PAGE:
Veredictum.io wants to fight online piracy with the aid of cryptocurrency
14 August 2017
Startup building a blockchain-based system for digital rights management
An Australian anti-piracy startup wants to raise $US20 million using its own cryptocurrency
17 July 2017
An Australian anti-piracy technology startup is seeking to raise up to $US20 million in funding by issuing its own cryptocurrency.
“Crowdfunding on steroids”: The new ‘initial coin offering’ craze explained
7 July 2017
Today initial coin offerings are raising millions of dollars in the blink of an eye, but just 12 months ago, mentioning an ‘ICO’ would have gotten you nothing but blank stares and confused questions.
Our Weekly Interview: Tim Lea on His New Blockchain Book and Much More
7 May 2017
Tim Lea is author of a well-received blockchain book called Down the Rabbit Hole. He is also the producer, director and writer of an award-winning movie and is the CEO and founder of veredictum.io, an anti-piracy and distribution platform for the film and video industry. Veredictum will be launching a token sale (Initial Coin Offering) in Q3, 2017.
Veredictum to offer cryptocurrency for piracy bounty hunters
3 May 2017
Australian blockchain startup Veredictum.io is currently working on a decentralised, anti-piracy and distribution platform for the film and video industry.
Venture capital 3.0: the initial coin offering explained
2 May 2017
The venture capital community thrives on disruption. So what happens when the tables are turned and the medicine bottle has their name on it? There's a new kid riding onto the financing block – riding roughshod across an unregulated landscape.
11 July 2017
Piracy days are over, crowdfunding for anti-piracy platform launches
This month, Veredictum.io will, in an Australian first, launch a token sale to fund the development of an open-source decentralized anti-piracy and distribution platform for the film and video industry, with the aim of reducing film and video piracy by 80% within 10 years.
Founder of Veredictum.io, Tim Lea, an MBA trained, finance professional, filmmaker and entrepreneur says the film piracy costs the US Economy $20 billion a year, and music piracy costs the global music industry $12.5 billion, which has resulted in thousands of job losses and restrictions to budgets for creative ideas. To be honest, the concept was born from being fed up with an industry that hasn’t invested in protecting the creators of its valuable intellectual property,” says Lea.
Veredictum.io will launch a generalised technology toolset to tackle digital piracy. Initially, the technology will cater for video content, however Lea says the products will prove useful in combatting other modes of piracy. “The platform will allow film creators to upload content, certify themselves (or collaborators) with ownership, license their content, set its distribution terms and manage any agreements and distribution,” says Lea.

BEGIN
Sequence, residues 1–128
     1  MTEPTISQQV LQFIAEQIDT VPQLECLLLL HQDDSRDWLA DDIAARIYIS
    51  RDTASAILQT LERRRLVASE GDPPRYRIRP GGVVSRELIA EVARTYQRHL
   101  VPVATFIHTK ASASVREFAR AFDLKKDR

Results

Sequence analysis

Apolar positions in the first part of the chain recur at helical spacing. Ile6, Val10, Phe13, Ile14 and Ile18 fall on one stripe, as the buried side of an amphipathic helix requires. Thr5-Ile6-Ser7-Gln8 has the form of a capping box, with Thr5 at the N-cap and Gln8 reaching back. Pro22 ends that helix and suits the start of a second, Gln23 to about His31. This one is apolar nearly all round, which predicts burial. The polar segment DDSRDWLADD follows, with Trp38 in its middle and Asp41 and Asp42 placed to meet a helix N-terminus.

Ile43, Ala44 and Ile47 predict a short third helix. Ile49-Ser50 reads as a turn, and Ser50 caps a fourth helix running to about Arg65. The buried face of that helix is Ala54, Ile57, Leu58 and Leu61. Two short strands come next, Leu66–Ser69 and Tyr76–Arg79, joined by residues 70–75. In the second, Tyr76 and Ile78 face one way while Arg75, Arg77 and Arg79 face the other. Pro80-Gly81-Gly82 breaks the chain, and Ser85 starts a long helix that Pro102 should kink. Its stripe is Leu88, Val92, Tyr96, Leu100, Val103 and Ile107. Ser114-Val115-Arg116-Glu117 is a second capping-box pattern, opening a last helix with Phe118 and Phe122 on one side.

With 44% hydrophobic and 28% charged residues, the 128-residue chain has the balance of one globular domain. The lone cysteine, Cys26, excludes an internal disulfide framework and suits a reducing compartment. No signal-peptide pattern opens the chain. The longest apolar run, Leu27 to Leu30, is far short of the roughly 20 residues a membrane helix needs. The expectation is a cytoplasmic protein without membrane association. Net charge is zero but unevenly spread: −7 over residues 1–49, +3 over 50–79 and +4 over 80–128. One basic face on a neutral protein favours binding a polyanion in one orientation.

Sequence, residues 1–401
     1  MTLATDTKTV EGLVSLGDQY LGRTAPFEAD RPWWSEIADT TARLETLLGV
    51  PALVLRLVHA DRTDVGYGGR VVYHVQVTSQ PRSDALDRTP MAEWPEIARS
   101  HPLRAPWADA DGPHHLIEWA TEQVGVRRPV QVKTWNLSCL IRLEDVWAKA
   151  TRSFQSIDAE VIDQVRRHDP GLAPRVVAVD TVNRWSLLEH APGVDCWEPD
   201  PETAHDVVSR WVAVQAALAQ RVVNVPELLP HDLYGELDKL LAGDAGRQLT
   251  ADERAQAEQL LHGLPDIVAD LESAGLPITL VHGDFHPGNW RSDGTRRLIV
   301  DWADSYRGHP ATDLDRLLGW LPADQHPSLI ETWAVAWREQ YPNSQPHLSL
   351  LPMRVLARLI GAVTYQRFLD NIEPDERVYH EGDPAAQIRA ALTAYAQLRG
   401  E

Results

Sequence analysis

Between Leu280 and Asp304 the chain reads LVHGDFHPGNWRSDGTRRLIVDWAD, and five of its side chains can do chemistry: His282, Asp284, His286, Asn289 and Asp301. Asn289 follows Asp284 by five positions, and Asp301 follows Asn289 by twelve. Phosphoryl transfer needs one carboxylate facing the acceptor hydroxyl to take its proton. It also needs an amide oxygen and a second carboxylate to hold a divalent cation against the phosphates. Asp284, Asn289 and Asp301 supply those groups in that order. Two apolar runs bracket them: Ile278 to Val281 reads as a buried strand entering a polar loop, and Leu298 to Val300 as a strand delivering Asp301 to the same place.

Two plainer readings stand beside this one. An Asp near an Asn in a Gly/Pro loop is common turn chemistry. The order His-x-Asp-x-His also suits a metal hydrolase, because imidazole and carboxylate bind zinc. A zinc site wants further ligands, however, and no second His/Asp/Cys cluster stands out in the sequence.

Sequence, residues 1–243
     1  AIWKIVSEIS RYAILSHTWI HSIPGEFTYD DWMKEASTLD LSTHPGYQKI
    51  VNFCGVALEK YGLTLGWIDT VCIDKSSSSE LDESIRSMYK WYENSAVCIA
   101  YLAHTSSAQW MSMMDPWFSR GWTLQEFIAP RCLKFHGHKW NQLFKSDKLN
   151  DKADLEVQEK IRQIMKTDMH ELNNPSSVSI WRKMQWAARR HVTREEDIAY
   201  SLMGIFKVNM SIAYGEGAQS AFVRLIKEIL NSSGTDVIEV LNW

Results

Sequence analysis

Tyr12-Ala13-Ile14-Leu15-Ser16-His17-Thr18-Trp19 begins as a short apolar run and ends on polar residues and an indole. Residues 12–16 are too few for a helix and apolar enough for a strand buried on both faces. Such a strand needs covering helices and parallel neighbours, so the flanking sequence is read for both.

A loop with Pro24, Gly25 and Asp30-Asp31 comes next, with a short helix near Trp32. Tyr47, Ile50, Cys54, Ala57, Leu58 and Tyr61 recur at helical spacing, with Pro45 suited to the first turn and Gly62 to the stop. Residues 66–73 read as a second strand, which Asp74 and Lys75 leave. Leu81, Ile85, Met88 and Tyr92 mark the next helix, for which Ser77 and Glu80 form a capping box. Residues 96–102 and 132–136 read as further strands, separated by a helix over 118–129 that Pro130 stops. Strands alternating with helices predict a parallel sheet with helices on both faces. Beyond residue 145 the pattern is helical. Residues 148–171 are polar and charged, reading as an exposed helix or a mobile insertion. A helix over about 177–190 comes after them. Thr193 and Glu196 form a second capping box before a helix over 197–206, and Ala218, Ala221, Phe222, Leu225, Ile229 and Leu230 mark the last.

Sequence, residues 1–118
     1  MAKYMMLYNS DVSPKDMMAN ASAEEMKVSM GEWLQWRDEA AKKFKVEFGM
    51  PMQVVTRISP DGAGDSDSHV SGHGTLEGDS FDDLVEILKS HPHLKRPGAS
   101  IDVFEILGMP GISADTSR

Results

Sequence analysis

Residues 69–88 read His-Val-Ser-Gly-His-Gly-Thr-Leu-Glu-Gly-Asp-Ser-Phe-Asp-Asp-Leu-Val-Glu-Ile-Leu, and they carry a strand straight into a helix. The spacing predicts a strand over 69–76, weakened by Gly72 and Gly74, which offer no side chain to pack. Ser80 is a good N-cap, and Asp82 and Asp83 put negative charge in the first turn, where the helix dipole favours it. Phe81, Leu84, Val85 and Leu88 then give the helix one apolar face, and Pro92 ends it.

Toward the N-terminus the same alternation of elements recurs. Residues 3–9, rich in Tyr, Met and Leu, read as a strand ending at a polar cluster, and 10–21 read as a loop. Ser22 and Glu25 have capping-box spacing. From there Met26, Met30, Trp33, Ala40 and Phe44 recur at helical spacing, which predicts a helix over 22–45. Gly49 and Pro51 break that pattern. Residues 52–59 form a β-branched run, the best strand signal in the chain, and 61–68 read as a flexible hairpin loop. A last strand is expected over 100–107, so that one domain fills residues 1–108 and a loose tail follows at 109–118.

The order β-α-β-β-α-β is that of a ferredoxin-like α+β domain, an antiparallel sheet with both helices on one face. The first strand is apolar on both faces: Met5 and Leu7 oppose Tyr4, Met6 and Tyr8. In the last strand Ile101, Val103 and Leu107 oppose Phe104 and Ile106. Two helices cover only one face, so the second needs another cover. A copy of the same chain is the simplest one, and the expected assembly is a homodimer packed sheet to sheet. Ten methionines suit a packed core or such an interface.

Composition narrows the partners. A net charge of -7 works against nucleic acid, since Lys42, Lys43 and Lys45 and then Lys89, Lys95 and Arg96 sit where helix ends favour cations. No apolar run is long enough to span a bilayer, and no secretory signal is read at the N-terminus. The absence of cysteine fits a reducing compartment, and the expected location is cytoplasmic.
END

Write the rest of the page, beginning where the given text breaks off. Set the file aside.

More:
Lea says that piracy, itself, is evolving and mutating, with distribution channels diversifying and pirates brazenly broadcasting live from inside cinemas via social media.“It’s no longer restricted to large corporations, theft is spreading like cancer throughout social media – where videos are stolen from one platform and posted to another through what is known as freebooting,” says Lea.
Numerous studies have demonstrated that piracy is attributed to two key factors: affordability and accessibility of content. Veredictum.io are committed to solving piracy by not only building a platform, but also empowering the community to become part of the solution. “Users become part of decentralised global network that uses sophisticated technology to identify and remove pirated content, deterring pirates and rewarding users,” says Lea.
Lea is fascinated with Blockchain technology and says it didn’t take long to identify this as a potential solution to piracy issues.“I floated the idea with Samuel (Brooks) who is our Project Management and Product Development Wizard – and who is equally captivated by the opportunities of Deep Blockchain. Soon we were mapping and conceptualising the prototype and developing a white paper documenting the platform,” says Lea.
According to Lea, the platform will both improve deterrent technology, and provide on-demand access to film libraries at a reasonable price-point, which he hopes will “bring piracy under control, and ultimately see consumers receiving better content and lower prices”.
Launching later this month, using Blockchain-enabled software, the token sale (which functions similarly to crowdfunding) will be limited at 150 million VENT and distributed by cryptocurrency, a digital currency.
“The sale will run for just over seven weeks, with a goal to raise over 1,200 bitcoin which is around three million dollars in today’s market, with a stretch target of 7,000 bitcoin – or 18 million dollars,” says Lea.
Lea hopes that his solution will protect an art form that he feels everyone in the community can step in to protect.
“Piracy is not just ones person's problem, it's our problem. Film is a vital medium which helps us tell important stories which embody values, beliefs and experiences that transcend geographical boundaries and time, we can’t afford to compromise it’s future by abusing the industry,” says Lea.
As the Veredictum.io team progress through the token sale, the team will be documenting the experience in a video diary at veredictum.io